Criminal Justice

Koehl Act Has U.S. House Approval to Disinter Certain Veterans

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December 11, 2013 — A new federal proposal would allow removal of a veteran’s grave from a national cemetery for people convicted of capital crimes, based on an Indiana case.

The House has passed legislation that instructs the Veterans Affairs Department to unearth the remains of an Army veteran buried with military honors after police said he killed an Indianapolis woman and injured three others before taking his own life.

Current law prohibits military burials in national cemeteries for those who commit capital crimes, but it doesn’t make provisions for removing a veteran who is buried in violation of that law.

That’s what happened in the case of Michael LeShawn Anderson.  He was buried last year in Michigan’s Fort Custer National Cemetery after police said he fatally shot Alicia Dawn Koehl.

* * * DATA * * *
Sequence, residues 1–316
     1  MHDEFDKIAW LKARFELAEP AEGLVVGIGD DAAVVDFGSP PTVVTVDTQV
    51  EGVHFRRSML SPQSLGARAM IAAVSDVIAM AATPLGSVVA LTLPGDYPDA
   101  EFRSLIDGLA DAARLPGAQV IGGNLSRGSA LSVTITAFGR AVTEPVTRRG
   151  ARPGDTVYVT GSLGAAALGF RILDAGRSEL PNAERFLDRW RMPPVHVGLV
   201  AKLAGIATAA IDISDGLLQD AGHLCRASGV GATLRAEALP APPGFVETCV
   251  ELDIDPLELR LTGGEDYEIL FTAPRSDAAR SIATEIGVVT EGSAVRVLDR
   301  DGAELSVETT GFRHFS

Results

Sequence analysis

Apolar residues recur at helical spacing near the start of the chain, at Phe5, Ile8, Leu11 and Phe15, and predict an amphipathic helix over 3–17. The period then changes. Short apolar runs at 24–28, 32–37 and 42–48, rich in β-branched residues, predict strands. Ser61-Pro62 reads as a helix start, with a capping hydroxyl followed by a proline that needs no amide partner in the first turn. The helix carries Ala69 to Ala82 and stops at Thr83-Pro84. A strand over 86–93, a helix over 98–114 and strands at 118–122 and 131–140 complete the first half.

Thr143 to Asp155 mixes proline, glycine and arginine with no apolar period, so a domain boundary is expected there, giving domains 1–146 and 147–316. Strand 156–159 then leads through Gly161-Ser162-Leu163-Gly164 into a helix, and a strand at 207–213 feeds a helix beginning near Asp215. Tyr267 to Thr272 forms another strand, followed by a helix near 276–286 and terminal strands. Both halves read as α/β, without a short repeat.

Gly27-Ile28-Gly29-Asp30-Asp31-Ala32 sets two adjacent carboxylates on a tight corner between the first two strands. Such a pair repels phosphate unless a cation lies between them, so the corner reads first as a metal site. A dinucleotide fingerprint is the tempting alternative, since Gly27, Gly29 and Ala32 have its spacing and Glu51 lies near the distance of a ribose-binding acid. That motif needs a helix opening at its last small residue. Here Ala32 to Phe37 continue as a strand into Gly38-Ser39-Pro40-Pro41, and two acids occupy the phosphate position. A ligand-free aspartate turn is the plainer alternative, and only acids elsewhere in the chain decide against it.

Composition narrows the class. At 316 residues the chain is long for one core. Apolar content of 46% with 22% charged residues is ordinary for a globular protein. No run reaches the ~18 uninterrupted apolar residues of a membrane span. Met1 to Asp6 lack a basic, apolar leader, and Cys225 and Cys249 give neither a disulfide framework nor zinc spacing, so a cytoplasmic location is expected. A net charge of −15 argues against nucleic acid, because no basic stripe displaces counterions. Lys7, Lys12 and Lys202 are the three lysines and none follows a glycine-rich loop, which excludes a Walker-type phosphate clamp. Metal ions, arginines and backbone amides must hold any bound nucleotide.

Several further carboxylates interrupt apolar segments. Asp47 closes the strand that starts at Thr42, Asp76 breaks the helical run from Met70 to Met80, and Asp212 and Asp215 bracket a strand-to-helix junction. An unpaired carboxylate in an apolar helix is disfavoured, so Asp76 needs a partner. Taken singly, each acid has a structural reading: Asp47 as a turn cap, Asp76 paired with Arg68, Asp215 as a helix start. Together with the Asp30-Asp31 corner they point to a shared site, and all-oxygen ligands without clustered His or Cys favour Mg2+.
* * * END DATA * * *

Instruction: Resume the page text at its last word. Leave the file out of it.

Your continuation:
The VA said it found out about the circumstances surrounding Anderson’s death only after he had been buried and it needed authorization from Congress to remedy the mistake.

The legislation has the title, Alicia Dawn Koehl Respect for National Cemeteries Act, and it gives both the U.S. Department of Veterans Affairs and U.S. Department of the Army authority to disinter ineligible veterans buried in national cemeteries who have committed a federal or state capital crime.


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